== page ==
GLBLSHRrt = GLBLSHRrt (URBSHRrt, LCLSHRrt, STRCSHRrt) (2)
LCLSHRrt = LCLSHRrt (URBSHRrt, GLBLSHRrt, STRCSHRrt) (3)
URBSHRrt - share of total urban population by region r in time t
GLBLSHRrt - share of total global factor influence present in region r at time t
LCLSHRrt - share of total local influence present in region r at time t
STRCSHRrt - share of total structural facilities in region r at time t
Equation 1 shows how urbanization may be influenced by both global and local factors. It will be through this equation that the question of whether or not global influences exacerbate urban primacy is discussed. Equation 2 shows how the application of global influence on the urban system may be influenced by existing urbanization patterns, local factors, and structural facilities. Equation 3 likewise shows how the distribution of local influences is affected by existing urban patterns, global factors, and structural facilities.
The model is constructed as a simultaneous system of equations in order to address three basic issues: (1) the nature of the influence of both global and local factors; (2) the influence, in turn, of existing urban patterns on the way these factors exert their influence; and (3) the interaction between global and local factors.
Since the focus of the analysis is on the influence of global factors on the pattern of urbanization in the Philippines rather than on the urban growth of individual provinces or regions, the model is cast to discern relative rather than absolute changes and influences. A more meaningful examination of the question concerning globalization and urban primacy, for example, can be made only in these terms.
The variables used in the model are, therefore, measured as shares. For example, urbanization is measured as the urban population in the region over the total urban population in the country. Hence, an increase in the share of urbanization of one region necessarily reduces that of others. The influences on urban primacy become more interesting to study under this formulation.
Take, for example, the relationship between foreign direct investment and urbanization. If the variables in the model were to be measured in absolute terms, an observed positive relationship would not be sufficient to show that foreign direct investment promotes urban primacy. Cast in relative terms, on the other hand, the model should be able to provide a sufficient test of this hypothesis.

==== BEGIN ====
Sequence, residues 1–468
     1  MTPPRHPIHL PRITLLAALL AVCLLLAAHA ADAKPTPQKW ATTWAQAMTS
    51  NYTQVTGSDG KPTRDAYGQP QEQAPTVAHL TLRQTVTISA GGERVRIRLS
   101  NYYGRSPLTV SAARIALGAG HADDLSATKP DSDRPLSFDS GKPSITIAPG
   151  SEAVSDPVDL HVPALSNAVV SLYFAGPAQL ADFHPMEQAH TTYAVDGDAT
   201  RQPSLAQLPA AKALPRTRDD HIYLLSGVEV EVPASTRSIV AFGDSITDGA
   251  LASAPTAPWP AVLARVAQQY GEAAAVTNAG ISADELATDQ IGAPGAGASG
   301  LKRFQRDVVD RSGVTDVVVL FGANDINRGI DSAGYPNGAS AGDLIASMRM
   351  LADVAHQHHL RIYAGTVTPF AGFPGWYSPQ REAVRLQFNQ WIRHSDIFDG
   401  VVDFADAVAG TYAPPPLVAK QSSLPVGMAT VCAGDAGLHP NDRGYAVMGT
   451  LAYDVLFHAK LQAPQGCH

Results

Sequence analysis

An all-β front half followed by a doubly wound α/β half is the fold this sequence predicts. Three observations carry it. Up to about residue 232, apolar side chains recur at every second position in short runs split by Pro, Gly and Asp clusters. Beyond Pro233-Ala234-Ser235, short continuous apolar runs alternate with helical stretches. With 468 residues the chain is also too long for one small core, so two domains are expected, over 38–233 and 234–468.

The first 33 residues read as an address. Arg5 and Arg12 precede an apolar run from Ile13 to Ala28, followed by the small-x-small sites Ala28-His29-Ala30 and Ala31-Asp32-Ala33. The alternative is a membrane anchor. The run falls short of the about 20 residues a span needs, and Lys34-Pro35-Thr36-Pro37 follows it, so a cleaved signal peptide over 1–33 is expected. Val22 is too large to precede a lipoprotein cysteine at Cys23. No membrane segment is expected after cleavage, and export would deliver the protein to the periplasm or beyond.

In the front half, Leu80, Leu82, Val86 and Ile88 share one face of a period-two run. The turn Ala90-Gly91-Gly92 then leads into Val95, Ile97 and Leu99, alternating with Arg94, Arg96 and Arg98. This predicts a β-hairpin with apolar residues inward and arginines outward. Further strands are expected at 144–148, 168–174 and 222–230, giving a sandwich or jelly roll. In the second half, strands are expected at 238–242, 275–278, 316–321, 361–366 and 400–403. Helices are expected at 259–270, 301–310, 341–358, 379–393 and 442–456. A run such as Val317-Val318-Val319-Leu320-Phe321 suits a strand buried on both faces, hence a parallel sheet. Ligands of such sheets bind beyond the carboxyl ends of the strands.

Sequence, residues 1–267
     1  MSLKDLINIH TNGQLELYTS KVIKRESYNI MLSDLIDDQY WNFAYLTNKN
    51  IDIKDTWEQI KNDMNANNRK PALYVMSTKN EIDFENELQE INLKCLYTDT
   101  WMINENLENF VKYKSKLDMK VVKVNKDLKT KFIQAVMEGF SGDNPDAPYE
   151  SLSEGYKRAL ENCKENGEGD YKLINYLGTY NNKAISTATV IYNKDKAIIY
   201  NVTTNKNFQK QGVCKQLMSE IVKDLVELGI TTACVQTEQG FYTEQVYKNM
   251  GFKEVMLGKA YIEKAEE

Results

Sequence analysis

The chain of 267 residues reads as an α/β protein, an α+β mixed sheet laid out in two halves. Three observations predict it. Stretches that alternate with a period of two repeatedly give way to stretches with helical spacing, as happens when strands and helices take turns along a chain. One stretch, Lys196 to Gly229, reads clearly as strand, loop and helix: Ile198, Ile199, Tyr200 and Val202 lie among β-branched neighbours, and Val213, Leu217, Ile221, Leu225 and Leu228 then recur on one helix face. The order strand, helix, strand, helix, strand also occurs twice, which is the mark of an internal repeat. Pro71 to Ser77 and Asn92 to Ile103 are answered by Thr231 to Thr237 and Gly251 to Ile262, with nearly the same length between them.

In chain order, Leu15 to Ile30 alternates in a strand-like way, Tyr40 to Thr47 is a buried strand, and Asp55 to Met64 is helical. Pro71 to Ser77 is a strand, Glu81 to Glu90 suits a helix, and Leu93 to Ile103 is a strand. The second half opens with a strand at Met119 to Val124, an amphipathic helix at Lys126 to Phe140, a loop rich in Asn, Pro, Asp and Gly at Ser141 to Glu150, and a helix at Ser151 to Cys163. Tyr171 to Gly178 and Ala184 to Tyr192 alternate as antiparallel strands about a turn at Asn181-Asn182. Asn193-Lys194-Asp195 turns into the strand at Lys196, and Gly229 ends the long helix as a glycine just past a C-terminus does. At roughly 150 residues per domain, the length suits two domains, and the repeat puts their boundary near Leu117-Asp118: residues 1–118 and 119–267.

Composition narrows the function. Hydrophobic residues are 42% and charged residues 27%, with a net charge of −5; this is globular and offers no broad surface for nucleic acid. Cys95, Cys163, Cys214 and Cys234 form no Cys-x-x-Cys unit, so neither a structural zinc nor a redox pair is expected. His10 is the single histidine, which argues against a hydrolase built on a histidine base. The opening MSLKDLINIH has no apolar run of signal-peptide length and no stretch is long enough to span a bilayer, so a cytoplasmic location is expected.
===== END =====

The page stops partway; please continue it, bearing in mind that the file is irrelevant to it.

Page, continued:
To demonstrate this, consider the following simple linear regression model: URBSHRr = b0 + b1FINVSHRr + u, where FINVSHRr is the share of total foreign investment going to region r and u is the error term. If b1 were estimated to be negative, this would mean that, as the foreign investment share of the average region increases, the share of the total urban population of the average region declines. This happens only when a substantial share of foreign investment is applied to only one or two regions. As the urbanization levels in these favoured regions increase in response, the shares of the other regions decline and then the average region will experience a marginal decline. Hence, b1 < 0 will indicate a positive relationship between foreign investment and urban primacy.
The other element built into the simple model is time. This is deemed necessary considering that, whereas global and local factors have substantial short-run effects, urbanization patterns tend to change only in the long term. Simple dynamics are introduced in the model to reconcile the simultaneous examination of both short-run and long-run variables.
The design parameters of the simple model presented earlier should allow for the analysis of the following hypotheses:
(1) Global factors and urban primacy. As discussed earlier, the use of relative values would allow us to determine whether global factors such as direct foreign investment and exports help strengthen the dominance of the national capital city. If this is the case, we should expect the partial effect of GLBLSHRrt-1 on URBSHRrt in Equation 1 to be negative.
(2) Local factors and balanced growth. The introduction of local factors as an argument in Equation 1 should allow us to determine if local factors such as local investment and government spending are more responsive to regional development objectives. If this were so, we can expect the partial effect of LCLSHRrt-1 on URBSHRrt to be positive.